VAN SUSTEREN: Ted, is she just way over her head? Obviously she injected the politics into this in the beginning. And she has been very clumsy. Almost like she is over her head.



WILLIAMS: I think because we have seen a great deal of inexperience on the part of Ms. Mosby. She may have come --


PHANG: She should step aside.

WILLIAMS: She may have come from a generation of five generations of police officers, but, guess what? If Ms. Mosby wants to be fair to these police officers, and I don't know whether they are innocent or guilty, but she should step back from this case. I think a special prosecutor should be appointed, and I think she should recuse herself. She is too close to this case.

VAN SUSTEREN: There is a bigger problem besides just this case, Ted. I have gone to Baltimore with Griff and talked to police officers. You've been there. A substantial number feel like a substantial number of them feel like she is against them. That is her job is to repair that. And she is doing nothing about it but all she says is that I am from five generations of police officers as though that's some sort of like she can do whatever she wants, insult police officers and ruin the relationship.

WILLIAMS: Greta, her head is in the sand and she doesn't realize that these police officers, she needs these police officers in the community. And she doesn't have their back as she said and, quite naturally, these police officers don't feel like she has their back.

VAN SUSTEREN: So what happens, Katie?

PHANG: Well, the one thing I would say about what Ted just said is it's not that she needs these officers in the community. The community needs these officers in the community. So she is basically breaching the duty that she owes to the people of Baltimore. If she is not going to do her job --and she doesn't have the integrity and honesty to step aside, then somebody is going to need it do it for her. I'm very interested in seeing what the court does when she finally responds to their motions to dismiss or motions for recusal.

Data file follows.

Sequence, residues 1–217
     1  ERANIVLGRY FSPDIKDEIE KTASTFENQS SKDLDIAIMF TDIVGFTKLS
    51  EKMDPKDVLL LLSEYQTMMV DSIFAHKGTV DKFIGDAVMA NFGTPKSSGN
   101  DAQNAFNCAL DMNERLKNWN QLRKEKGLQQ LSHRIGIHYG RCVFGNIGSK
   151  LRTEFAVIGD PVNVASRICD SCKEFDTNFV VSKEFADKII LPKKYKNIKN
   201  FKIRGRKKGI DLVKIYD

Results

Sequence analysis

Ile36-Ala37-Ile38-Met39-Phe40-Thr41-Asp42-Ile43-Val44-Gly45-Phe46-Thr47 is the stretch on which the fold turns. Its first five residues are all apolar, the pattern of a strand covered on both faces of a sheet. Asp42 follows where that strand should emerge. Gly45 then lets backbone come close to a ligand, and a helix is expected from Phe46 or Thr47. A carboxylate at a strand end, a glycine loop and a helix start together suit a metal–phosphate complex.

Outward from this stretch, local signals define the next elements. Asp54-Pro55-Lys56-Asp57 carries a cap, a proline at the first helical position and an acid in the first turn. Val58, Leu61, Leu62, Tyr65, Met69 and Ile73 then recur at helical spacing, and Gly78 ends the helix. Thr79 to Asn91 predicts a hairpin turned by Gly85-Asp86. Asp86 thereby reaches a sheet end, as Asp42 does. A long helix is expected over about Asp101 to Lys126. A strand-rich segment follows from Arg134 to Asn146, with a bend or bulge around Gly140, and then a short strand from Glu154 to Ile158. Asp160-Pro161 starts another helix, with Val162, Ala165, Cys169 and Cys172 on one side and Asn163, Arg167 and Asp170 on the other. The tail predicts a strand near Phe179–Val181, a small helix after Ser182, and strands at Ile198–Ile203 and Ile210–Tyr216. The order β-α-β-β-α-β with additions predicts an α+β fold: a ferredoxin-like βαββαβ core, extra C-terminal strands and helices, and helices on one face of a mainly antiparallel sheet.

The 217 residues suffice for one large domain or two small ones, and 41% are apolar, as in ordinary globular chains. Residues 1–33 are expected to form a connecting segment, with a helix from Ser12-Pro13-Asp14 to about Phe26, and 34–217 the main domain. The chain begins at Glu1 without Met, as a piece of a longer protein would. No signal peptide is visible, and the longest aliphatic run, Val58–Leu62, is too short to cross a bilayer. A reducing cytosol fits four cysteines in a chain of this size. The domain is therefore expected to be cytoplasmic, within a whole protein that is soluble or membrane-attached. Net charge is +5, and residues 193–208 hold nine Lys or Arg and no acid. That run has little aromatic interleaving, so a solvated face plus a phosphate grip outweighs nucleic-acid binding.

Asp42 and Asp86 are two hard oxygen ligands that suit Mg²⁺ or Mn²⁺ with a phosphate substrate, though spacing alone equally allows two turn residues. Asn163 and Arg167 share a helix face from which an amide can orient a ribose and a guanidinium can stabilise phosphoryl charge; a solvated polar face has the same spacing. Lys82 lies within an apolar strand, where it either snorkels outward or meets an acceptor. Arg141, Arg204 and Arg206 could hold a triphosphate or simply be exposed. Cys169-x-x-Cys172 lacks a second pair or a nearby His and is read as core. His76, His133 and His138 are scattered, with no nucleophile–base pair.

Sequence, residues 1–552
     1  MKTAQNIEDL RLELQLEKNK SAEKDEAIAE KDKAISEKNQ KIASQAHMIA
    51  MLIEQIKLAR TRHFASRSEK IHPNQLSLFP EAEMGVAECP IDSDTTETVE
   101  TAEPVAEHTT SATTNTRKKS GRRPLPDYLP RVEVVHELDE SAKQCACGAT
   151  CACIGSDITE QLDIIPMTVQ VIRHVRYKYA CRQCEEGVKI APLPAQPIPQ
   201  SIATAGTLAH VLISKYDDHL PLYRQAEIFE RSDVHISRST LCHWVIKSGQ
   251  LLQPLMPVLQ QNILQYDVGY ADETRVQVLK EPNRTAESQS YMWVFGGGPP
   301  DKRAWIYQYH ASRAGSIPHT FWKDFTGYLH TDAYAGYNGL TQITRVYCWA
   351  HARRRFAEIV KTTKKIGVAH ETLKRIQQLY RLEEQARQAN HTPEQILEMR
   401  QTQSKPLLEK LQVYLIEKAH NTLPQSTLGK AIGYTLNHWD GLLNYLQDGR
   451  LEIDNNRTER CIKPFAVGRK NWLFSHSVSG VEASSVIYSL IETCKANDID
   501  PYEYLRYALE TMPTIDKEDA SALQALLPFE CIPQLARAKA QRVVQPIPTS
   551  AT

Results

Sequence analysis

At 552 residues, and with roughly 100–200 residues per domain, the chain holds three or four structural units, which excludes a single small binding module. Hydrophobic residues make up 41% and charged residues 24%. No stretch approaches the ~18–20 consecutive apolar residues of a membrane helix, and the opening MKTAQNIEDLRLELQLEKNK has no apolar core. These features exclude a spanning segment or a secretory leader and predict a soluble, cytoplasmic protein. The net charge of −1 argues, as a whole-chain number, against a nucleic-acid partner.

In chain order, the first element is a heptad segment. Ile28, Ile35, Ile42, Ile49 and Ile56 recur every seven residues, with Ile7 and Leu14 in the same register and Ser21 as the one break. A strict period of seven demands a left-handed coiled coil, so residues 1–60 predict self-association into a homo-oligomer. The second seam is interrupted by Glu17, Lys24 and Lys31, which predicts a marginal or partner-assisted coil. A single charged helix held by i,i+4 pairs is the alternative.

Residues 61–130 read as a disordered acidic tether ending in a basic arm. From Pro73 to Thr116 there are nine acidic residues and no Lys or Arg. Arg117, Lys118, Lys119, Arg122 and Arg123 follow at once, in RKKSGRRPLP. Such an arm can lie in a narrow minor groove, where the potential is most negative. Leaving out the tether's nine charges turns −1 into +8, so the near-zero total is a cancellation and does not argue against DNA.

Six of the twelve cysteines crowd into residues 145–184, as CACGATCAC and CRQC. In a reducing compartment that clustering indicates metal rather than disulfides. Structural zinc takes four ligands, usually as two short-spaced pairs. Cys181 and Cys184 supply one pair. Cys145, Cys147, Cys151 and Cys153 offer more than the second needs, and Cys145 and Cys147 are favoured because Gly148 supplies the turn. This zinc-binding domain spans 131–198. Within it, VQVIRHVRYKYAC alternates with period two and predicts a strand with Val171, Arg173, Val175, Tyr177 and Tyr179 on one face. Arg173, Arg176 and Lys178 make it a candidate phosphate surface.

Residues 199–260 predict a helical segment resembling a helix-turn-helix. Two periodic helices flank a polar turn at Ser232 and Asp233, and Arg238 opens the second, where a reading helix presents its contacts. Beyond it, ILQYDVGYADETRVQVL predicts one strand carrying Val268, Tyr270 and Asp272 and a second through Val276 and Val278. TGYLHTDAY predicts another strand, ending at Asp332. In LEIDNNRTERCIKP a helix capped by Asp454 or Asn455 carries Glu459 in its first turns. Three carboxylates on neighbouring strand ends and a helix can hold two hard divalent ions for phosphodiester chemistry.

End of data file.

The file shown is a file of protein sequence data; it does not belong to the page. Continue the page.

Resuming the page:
VAN SUSTEREN: You know what I would do, Katie? I would give a town hall meeting with the police and take their hard questions, if I were this prosecutor. The depth of this divide. And it's really important to the community. It's important to her doing the job. It's important to the police and her stand-offishness to them and the trail that's been left is not a good one. I think she should take the heat and sit down in the hall with a bunch of police.

WILLIAMS: She needs to sit down and listen to the rank and file. Not these commanders. Not the top echelon of the police department. The rank and file is who she needs to sit down with.

Ms. Mosby, if you are watching this show tonight, I urge you to sit down with the rank and file. Listen to what they have got to say. They can talk back and forth to you and I'm sure that maybe you all can come to some kind of agreement.

VAN SUSTEREN: Katie, I think she is too stubborn right now, by the way he she reacted to any questions. I think she is too stubborn to do that.

PHANG: Absolutely. I think she is letting her pride get in the way. If you are going to sit down and talk to somebody, talk to the cops injured during the riots. Why don't you ask them how are they doing and how are their injuries because they were doing their job when they were injured when the city went up in flames. I think that she is too embarrassed to want to field the hard questions. And I think, again, she likes the self- aggrandize when she can say something that benefits her she has no hesitation speaking to the media.

WILLIAMS: Greta, over her head.

VAN SUSTEREN: Over her head.

Anyway, Ted and Katie, thank you.